“One practices breathing in experiencing rapture. One practices breathing out experiencing rapture. One practices breathing in experiencing bliss. One practices breathing out experiencing bliss.
“One practices breathing in experiencing these sensations. One practices breathing out experiencing these sensations. One practices breathing in stilling these sensations. One practices breathing out stilling these sensations.
“One practices breathing in experiencing the mind. One practices breathing out experiencing the mind. One practices breathing in gladdening the mind. One practices breathing out gladdening the mind. One practices breathing in immersing the mind in samādhi(unification, mental coherence).
“One practices breathing out immersing the mind in samādhi. One practices breathing in freeing the mind. One practices breathing out freeing the mind.
“One practices breathing in observing impermanence. One practices breathing out observing impermanence. One practices breathing in observing fading away [the passing, the ending, impermanence]. One practices breathing out observing fading away.
“One practices breathing in observing cessation. One practices breathing out observing cessation. One practices breathing in observing letting go. One practices breathing out observing letting go.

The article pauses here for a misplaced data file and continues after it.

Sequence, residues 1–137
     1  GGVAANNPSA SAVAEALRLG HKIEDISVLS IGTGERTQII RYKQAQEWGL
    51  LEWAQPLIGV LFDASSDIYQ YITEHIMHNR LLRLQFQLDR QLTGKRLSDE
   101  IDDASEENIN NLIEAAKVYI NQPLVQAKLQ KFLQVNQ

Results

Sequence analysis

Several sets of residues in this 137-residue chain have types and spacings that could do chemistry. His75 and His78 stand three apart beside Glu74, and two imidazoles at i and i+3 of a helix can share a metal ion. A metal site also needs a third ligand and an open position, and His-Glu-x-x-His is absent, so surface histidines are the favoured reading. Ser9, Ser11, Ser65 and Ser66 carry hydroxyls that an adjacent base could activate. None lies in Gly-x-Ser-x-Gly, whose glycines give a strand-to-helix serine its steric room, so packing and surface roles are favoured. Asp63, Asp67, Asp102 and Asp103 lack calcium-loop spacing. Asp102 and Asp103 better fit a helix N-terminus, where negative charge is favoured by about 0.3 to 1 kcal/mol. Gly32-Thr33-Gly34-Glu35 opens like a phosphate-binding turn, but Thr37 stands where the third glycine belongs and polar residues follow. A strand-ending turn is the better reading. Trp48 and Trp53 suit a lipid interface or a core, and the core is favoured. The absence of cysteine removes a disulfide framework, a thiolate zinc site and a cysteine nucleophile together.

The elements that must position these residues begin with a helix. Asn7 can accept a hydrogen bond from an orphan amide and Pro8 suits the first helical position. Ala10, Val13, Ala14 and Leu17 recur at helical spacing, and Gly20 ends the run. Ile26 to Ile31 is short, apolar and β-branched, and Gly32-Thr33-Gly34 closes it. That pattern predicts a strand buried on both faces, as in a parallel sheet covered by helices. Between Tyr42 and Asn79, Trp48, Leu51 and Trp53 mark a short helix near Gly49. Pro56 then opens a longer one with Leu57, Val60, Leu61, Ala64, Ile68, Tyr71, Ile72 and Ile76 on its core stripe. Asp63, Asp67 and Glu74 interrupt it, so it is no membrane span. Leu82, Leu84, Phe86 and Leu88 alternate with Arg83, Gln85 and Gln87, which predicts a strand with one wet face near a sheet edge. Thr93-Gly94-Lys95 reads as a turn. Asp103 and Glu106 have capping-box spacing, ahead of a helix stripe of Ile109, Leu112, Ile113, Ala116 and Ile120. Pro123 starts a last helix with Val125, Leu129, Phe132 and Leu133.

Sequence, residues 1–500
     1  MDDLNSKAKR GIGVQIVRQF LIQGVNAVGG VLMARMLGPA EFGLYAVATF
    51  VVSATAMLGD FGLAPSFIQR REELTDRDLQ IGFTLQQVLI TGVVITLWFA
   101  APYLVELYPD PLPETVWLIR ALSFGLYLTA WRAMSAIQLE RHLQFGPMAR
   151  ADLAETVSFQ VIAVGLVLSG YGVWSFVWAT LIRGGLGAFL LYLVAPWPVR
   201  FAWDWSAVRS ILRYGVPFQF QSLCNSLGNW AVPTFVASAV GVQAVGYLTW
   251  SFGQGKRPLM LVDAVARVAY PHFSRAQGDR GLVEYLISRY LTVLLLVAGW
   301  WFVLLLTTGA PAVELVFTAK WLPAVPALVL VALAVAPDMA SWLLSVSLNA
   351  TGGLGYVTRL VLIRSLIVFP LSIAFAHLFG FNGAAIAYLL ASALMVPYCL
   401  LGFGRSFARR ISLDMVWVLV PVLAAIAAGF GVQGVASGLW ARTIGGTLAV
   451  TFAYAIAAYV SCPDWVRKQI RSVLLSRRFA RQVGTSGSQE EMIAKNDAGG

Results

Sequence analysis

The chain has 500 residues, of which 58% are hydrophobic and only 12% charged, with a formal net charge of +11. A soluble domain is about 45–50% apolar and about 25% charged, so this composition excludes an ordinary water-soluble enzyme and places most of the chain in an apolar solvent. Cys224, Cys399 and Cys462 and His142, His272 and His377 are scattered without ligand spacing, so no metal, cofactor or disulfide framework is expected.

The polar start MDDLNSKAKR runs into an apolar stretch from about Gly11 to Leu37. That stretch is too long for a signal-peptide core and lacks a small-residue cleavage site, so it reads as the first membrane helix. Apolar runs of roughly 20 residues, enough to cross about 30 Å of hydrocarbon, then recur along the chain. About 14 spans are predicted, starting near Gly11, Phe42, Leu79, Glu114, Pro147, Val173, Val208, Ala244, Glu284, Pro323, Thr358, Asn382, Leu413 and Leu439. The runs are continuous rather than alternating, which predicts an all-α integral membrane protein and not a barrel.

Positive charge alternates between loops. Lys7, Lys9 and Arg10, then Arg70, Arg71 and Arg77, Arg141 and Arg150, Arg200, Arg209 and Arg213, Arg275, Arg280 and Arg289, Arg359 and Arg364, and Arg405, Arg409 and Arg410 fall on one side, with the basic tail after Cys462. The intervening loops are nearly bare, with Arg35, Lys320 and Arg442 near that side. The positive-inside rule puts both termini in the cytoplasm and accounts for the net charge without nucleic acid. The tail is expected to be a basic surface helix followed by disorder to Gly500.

“Mindfulness of breathing, when developed and cultivated in this way, is indeed very fruitful and beneficial.
“And how is mindfulness of breathing developed and cultivated so as to fulfill the four kinds of mindfulness meditation?
“Whenever a meditator knows that s/he breathes heavily, or lightly, or experiencing the whole body, or stilling the body’s motion — at that time one is meditating by observing an aspect of the body — keen, aware, and mindful, free of desire and aversion [hankering and dejection, greed and grief] for the world.
“For I say that the in-breaths and out-breaths are an aspect of the body. That is why at that time a meditator is meditating by observing an aspect of the body — keen, aware, and mindful, free of desire and aversion for the world.
“Whenever a meditator practices breathing while experiencing rapture, or experiencing bliss, or experiencing these sensations, or stilling these sensations — at that time one meditates observing an aspect of feelings — keen, aware, and mindful, free of desire and aversion for the world.
“For I say that close attention to the in-breaths and out-breaths is an aspect of feelings. That is why at that time a meditator is meditating by observing an aspect of feelings — keen, aware, and mindful, free of desire and aversion for the world.
“Whenever a meditator practices breathing while experiencing the mind, or gladdening the mind, or immersing the mind in samādhi, or freeing the mind — at that time one meditates observing an aspect of the mind — keen, aware, and mindful, free of desire and aversion for the world.
“There is no development of mindfulness of breathing for someone who is unmindful and lacks awareness, I say.
“That is why at that time a meditator is meditating by observing an aspect of the mind — keen, aware, and mindful, free of desire and aversion for the world.